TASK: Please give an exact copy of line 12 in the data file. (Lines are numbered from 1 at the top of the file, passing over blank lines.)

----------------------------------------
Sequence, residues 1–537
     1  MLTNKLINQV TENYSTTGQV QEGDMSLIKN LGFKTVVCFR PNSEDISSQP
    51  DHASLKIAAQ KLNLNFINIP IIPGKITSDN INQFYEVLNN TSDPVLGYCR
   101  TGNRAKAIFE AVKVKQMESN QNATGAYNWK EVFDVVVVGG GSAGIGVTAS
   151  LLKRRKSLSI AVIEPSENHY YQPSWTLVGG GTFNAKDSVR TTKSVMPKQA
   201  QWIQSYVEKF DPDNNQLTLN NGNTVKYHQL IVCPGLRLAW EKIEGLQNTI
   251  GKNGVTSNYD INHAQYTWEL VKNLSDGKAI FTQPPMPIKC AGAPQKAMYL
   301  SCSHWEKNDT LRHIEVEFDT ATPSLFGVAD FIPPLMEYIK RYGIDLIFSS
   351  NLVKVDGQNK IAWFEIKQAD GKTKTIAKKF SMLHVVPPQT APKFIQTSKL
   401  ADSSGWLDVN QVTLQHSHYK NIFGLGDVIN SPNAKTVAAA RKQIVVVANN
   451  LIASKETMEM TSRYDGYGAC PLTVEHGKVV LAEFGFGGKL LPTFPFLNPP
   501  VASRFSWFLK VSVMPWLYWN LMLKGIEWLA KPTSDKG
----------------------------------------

   501  VASRFSWFLK VSVMPWLYWN LMLKGIEWLA KPTSDKG